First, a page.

J. F. Tessis

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J. F. Tessis (1933-1997)


Memorial [1]

Joarez Fagundes Tessis, a former member of SEG, passed away on 4 August 1997 in Rio de Janeiro, after a long illness.

Joarez, as he was known to his many friends, was born on 9 November 1933 in the town of Uruguaiana, Rio Grande do Sul, Brazil.

He joined Petrobras in 1956 as an office boy and was successively promoted to administrative auxiliary and specialized technical auxiliary. From 1958 to 1962, while working full time, Joarez attended night classes at Federal University of Rio de Janeiro, where he earned a bachelor?s degree in physics. Soon thereafter he became a trainee in geology at Petrobras and transferred to a refraction seismic crew working in the hinterlands of Bahia. There he spent one year, after which he was sent to the head office in Salvador.

Upon completion of a Petrobras? sponsored geophysics course in 1968, Joarez was classified a Level I geophysicist. The following year, the company decided to establish a Digital Computer Center in Rio de Janeiro and Joarez was detached to the new facility to head a group of five geophysicists (in which I was included), assigned to take care of the processing of seismic reflection data. Except for Joarez, who had trained for six months at Western Geophysical headquarters in Houston, the rest of us had no experience at all in seismic data processing. Most of the work was done by Western personnel who came to Rio under contract to give operational support to the processing center. It took two years of hard work to learn all the complex tasks required to run a seismic data processing center. During that period Joarez, in addition to his normal obligations, became a kind of ?guru? for subjects such as land seismic data acquisition, the design of geophone arrays, Wiener filter, and predictive deconvolution. Thanks to his technical qualifications and a natural talent for human relations, Joarez was appointed manager of the newly organized Exploration Processing Data Division. Under his management, seismic data processing at Petrobras reached a status comparable to that of any of the world?s best processing centers. Joarez?s management style was decisively oriented toward accomplishing company objectives while holding employees in the highest consideration. The continuing development of his personnel?s scientific and technical capabilities was one of his paramount concerns. Toward this goal, he wrote several brochures on specific technical subjects, championed the practice of sending Brazilian geophysicists to the United States to pursue master?s degre es and doctorates, and promoted the idea of creating a graduate course in geophysics at the Universidade Federal da Bahia, open to everyone.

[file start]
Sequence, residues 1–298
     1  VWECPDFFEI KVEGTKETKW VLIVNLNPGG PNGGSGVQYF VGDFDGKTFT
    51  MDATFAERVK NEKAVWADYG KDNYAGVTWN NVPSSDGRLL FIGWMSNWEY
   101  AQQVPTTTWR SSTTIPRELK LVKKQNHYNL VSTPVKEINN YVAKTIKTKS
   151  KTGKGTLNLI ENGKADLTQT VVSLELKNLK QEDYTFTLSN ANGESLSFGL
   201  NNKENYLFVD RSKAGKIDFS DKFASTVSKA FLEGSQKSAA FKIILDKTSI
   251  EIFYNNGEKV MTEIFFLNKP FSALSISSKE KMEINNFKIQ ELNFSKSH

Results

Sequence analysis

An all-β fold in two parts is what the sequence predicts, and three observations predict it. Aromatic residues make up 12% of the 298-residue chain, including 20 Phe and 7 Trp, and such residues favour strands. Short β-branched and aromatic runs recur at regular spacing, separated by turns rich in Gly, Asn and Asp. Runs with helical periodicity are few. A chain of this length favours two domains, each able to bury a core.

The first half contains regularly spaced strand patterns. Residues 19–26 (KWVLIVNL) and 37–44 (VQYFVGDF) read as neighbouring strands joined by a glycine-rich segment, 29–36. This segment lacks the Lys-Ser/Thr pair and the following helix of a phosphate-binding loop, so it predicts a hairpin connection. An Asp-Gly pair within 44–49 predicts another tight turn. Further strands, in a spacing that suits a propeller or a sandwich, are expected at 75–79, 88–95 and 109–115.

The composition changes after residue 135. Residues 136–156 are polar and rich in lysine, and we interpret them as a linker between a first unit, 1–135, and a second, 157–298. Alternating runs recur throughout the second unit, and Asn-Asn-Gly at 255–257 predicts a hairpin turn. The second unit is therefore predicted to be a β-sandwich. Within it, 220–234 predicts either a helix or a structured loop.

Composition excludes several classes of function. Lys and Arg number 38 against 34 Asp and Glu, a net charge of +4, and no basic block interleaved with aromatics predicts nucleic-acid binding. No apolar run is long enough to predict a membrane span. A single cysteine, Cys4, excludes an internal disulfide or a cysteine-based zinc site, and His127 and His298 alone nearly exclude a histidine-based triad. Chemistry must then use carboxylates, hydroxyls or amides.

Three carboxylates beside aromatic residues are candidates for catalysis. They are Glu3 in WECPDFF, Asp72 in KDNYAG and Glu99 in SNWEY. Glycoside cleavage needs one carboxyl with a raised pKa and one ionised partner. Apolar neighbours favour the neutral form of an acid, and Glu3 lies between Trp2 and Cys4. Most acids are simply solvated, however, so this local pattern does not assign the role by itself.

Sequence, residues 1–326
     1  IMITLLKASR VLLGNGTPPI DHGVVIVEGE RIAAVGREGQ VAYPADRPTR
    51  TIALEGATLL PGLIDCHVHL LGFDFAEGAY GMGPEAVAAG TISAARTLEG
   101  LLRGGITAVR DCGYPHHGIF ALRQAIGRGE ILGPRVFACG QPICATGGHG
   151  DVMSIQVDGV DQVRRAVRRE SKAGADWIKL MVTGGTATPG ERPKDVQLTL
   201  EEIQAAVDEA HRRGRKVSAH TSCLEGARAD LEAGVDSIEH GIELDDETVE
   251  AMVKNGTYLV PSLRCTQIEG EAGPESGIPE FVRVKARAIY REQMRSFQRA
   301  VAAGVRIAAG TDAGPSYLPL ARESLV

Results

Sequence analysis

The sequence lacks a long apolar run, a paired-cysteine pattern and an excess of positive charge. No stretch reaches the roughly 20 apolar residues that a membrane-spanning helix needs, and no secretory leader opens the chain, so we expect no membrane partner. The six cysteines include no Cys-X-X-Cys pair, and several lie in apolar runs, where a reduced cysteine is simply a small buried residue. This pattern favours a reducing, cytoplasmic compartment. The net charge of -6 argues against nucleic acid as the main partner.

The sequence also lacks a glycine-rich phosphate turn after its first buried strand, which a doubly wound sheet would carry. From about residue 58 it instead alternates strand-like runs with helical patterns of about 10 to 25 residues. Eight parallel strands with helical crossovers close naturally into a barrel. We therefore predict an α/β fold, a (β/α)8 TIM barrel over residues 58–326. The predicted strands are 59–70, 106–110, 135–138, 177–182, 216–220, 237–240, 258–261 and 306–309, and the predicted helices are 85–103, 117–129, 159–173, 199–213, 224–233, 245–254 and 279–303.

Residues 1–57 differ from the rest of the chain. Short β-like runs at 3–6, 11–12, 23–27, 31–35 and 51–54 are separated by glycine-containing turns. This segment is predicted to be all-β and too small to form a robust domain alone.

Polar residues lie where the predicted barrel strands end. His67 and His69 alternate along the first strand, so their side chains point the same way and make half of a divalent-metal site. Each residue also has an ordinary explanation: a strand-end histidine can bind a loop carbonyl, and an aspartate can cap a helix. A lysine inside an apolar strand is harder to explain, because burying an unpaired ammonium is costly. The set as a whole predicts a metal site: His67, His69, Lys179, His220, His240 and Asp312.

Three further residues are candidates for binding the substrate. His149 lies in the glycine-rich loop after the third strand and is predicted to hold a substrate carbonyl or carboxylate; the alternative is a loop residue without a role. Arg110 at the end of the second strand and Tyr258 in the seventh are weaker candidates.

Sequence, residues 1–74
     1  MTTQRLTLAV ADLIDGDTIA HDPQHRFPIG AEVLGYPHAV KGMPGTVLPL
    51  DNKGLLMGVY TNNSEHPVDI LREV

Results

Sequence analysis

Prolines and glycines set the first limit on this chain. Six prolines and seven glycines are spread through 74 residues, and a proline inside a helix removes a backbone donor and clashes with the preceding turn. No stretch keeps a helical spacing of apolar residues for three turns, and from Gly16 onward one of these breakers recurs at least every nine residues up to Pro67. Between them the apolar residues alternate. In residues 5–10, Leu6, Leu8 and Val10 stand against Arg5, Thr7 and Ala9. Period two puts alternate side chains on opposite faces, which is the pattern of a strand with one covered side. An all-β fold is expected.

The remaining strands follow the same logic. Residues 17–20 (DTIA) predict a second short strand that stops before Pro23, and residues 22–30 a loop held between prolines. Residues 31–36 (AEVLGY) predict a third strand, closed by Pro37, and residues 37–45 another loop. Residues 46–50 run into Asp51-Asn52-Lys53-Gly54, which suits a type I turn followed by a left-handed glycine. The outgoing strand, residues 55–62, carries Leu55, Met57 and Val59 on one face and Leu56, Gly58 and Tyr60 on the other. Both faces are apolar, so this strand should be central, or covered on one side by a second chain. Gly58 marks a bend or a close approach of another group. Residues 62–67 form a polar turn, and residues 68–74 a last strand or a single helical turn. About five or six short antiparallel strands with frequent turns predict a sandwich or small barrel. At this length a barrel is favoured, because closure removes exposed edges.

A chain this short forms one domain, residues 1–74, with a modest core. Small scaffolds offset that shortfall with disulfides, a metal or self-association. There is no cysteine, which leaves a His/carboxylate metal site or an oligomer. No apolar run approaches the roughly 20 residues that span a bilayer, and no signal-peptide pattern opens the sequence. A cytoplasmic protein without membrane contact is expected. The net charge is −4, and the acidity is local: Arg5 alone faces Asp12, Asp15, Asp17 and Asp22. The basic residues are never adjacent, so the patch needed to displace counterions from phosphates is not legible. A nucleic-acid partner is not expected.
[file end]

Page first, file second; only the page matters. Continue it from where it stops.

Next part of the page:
Because trips to scientific meetings outside on several occasions Joarez stayed back so that one of his staff could, in his stead, attend the SEG Annual International Meeting. ?I?mjust a bureaucrat,? he used to say, dismissing the be au geste. Joarez was the epitome of professional ethics, responsibility, loyalty, and friendship. By the time of Joarez?s retirement in 1988, the number of geophysicists in Petrobras had risen to about 300 (their interpretations of 2-D and 3-D seismic reflection data having contributed to the discovery of a vast number of oil fields offshore Brazil). Joarez?s emphasis on making higher education available to young geophysicists was instrumental toward the creation of master?s and doctorate programs at the Universidade Federal da Bahia. Similar programs are being implemented in other Brazilian universities. Last, but not least, it seems appropriate to mention that Joarez Fagundes Tessis was one of the founders of the Brazilian Society of Geophysicists. He is survived by his wife, Lucia, and four daughters: Thereza Cristina, Regina Lucia, Ana Claudia, and Marcia Cristina.

References

  1. The Leading Edge, May 1998, Vol. 17, No.5